Joint liberal arts college closing . . .
An eight-year partnership between Yale University and the National University of Singapore (NUS) is ending, with first-year students of Singapore’s Yale-NUS College learning recently that their cohort will be the last admitted into the liberal arts program. The decision was abrupt and one-sided: NUS notified Yale in July, citing concerns about financial sustainability. Enrolled students learned about the decision on August 27 in a campus-wide virtual town hall. The announcement left students and academics frustrated and questioning the true motive, given that the program had a strong reputation, robust student demand, and options for boosting the school’s finances.
Motivation speculation . . .
Two alternative theories have surfaced as to why the university pulled the plug on what had been seen as a successful venture. One was described as possible “local resentment” that an “elitist bastion of Western liberalism” was receiving local funding (about 90% of its faculty and 40% of its students are foreign). A more widely held view, however, is that the government is increasingly uncomfortable with the school’s permissiveness – and even encouragement – of political activism. In 2019, the college cancelled a planned course on “dissent and resistance in Singapore” after the country’s education minister warned against universities “becoming venues for partisan political activities to sow dissent against the government.” Earlier this year, the college invited Singaporean opposition leader Pritam Singh of the Worker’s Party to deliver the keynote speech at the graduation ceremony.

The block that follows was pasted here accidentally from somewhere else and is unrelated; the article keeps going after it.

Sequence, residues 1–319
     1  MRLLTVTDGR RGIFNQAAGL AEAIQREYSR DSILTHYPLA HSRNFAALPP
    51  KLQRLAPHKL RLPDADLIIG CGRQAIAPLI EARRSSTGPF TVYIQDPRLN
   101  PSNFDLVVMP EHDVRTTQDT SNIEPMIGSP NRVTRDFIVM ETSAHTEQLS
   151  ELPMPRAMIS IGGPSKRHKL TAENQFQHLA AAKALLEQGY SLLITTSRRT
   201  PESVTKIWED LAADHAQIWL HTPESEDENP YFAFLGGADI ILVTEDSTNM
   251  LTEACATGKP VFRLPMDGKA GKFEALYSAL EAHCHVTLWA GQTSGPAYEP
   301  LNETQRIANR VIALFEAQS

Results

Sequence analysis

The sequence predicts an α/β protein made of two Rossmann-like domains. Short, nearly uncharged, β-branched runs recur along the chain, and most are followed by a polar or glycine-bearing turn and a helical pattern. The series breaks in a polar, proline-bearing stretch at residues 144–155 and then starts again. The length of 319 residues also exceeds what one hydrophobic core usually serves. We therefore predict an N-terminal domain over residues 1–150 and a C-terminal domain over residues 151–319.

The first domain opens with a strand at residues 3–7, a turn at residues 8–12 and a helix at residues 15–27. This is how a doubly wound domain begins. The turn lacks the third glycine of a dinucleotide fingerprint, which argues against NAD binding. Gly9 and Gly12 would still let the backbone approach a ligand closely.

Retaking control . . .
Yale-NUS College has been one of the most high-profile cases of a Western university setting up a partnership in a country not known for supporting academic freedom. While NUS and pro-ruling party Singaporean politicians have rebuffed suggestions that the closure was due to politics, Singaporean academics within and outside the country are expressing their doubts. That includes Prime Minister Lee Hsien Loong’s estranged nephew, Li Shengwu, an economics professor at Harvard, who tweeted that the government exerts “substantial control” over universities’ tenure promotion decisions and course content. Other Western universities with a similar presence in Asia will be watching as the dust settles and looking for ways to avoid pitfalls in their own ambitions for global expansion.
- Academia SG: Academic Freedom Survey 2021
- The Octant: A planned catastrophe: Yale-NUS to close in 2025
- South China Morning Post: Money woes or curbing dissent? Singapore’s academic community bemoans Yale-NUS college closure